Kids + Teens

Celebrating Diversity in Children’s Books with Lovely Illustrations

If you didn’t know, January 27th, 2017 is Multicultural Children’s Book Day—the brainchild of Jump Into a Book‘s Valarie Budayr and Pragmatic Mom‘s Mia Wenjen. The two teamed up to create an ambitious (and much needed) national event in 2014 as a way to celebrate diversity in children’s books, as well as bring attention to the need for more. The results and support were overwhelming; authors, publishers, parents, teachers, bloggers and librarians joined forces to shine a spotlight on diversity in children’s literature. Two years later, Multicultural Children’s Book Day is bigger and better than ever—not only working to raise awareness about diversity, but also to put books into the hands of families, teachers, and librarians across the country.

Luckily, there’s no need to stay confined to a single day a year to honor multicultural children’s books—at Chronicle Books, we wholeheartedly believe that all children should see themselves represented in books every day, so in celebration we pulled some beautiful illustrations from a few of our favorite titles.

Multicultural Children's Book Day

The Quickest Kid in Clarksville

By Pat Zietlow Miller, Illustrated by Frank Morrison

Quickest Kid in Clarksville

Green Is a Chile Pepper

By Roseanne Greenfield Thong, Illustrated by John Parra

Green is a Chile Pepper

At the Same Moment, Around the World

By Clotilde Perrin

At The Same Moment

Marvelous Cornelius

By Phil Bildner, Illustrated by John Parra

Marvelous Cornelius

Josephine

By Patricia Hruby Powell, Illustrated by Christian Robinson

Josephine

Golden Domes and Silver Lanterns

By Hena Khan, Illustrated by Mehrdokht Amini

Golden Domes

Why do you think we need more diverse books?

Hannah Moushabeck

Hannah is the Associate Marketing Manager for Chronicle children's books. She is an all-round book nerd, born into a family of book nerds. She can be bribed with avocados and picture books.
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30 Comments

  • Mary January 27, 2016 at 10:32 am

    It is important for all children to see themselves in books. It is equally important for children to be accepting of other races, religions, customs, and books open that world.

    Reply

  • Barbara Gowan January 27, 2016 at 11:32 am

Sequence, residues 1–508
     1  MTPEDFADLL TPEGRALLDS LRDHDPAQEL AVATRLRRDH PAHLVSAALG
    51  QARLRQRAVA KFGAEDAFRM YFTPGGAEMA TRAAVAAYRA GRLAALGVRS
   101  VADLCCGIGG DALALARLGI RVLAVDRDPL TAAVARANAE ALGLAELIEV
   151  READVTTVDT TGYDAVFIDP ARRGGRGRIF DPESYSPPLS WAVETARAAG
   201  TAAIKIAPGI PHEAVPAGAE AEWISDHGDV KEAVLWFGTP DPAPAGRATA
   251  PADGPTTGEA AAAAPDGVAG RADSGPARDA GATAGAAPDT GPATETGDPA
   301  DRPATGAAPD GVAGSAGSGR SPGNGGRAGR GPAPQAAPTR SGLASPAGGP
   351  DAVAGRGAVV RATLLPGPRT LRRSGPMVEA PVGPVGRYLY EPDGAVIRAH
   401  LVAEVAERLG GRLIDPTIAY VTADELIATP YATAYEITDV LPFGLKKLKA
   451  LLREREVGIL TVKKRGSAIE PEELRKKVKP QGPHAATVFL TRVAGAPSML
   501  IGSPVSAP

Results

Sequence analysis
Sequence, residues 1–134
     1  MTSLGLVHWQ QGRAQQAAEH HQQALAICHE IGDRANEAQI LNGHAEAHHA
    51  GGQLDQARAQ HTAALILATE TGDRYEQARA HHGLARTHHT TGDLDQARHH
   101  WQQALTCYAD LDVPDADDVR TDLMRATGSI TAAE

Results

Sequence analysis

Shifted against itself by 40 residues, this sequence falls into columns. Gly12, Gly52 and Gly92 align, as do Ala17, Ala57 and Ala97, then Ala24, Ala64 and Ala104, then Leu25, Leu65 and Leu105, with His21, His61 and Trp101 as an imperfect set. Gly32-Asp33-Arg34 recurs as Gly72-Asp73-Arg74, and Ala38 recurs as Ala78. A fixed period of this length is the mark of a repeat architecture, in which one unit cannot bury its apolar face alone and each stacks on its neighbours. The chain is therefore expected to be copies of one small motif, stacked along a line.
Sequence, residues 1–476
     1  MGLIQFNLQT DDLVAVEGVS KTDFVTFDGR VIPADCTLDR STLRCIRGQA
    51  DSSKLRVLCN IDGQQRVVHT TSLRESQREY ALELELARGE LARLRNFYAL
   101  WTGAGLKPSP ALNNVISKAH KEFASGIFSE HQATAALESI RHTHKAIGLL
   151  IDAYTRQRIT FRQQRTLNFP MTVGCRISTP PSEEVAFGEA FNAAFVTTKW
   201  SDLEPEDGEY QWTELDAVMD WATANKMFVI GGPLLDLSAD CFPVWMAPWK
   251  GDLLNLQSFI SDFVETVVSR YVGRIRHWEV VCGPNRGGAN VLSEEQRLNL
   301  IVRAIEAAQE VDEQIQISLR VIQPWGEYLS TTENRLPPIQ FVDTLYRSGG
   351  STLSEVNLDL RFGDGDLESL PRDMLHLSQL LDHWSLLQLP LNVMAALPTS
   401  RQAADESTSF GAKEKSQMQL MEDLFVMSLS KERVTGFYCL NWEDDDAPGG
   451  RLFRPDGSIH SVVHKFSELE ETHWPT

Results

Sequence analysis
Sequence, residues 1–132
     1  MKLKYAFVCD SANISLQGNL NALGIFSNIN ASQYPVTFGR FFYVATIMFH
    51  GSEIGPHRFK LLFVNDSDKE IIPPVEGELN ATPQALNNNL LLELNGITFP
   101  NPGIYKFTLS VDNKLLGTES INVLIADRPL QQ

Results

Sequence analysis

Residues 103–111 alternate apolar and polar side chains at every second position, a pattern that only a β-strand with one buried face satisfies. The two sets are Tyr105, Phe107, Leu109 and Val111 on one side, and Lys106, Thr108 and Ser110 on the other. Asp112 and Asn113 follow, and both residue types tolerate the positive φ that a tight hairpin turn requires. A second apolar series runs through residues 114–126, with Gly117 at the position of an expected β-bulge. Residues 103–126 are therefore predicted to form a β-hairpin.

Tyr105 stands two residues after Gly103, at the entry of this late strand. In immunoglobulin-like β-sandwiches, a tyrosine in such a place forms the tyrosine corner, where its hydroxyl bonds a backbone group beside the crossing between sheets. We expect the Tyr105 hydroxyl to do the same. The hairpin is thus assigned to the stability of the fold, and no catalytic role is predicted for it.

if picture books are a door into the world of reading then let’s make sure that the door is open to all children of every nationality and color so that they can see themselves IN that world. Let’s open the door and invite everyone in with quality books.

    Reply

  • Florica Vlad January 27, 2016 at 11:49 am

    Words and images shape our reality. Our world expands when we are exposed to diversity. To be inspired –to encounter new ways of thinking that challenge us, help us grow and expand. In this way we also start to shape our inner universe to be a reflection of what we want to see in our outer universe and love and compassion can flourish.

    Reply

  • Danzel January 27, 2016 at 12:15 pm

    Because children need to see themselves reflected in books, and for those whose reflections may differ, then books open a window to the world.

    Reply

  • Rosanna January 27, 2016 at 12:23 pm

    We need diversity in children’s books to reflect the real world so children, young and old, can have a little better sense of cultural understanding of people of all backgrounds!

    Reply

  • Marie January 27, 2016 at 1:16 pm

    It is human nature to distrust, or even fear, what you do not know. If children get to learn about the diversity of our world, perhaps they will grow up to be more empathetic, tolerant, understanding individuals–even if they grow up in a neighborhood poor in diversity…

    Reply

  • Eileen Kirkland January 27, 2016 at 2:18 pm

    We need diversity because being included and feeling we belong is critical to self esteem.

    Reply

  • Shannon Clark January 27, 2016 at 2:25 pm

    Diverse books give children of all races a chance to see themselves in their favorite books and to see others who are different from them. I seek out books with non-white characters to read to my mixed race son (I’m a white male, my wife is an Indian American). Many of my favorite works are ambiguous about the race of their characters though they show children who are clearly not white in the action. I think it is as important for white kids to read these books as it is for non-white kids – helping from an early age to challenge the all to frequent default to white assumption about characters in fiction.

    Reply

  • Eleza Alam January 27, 2016 at 4:37 pm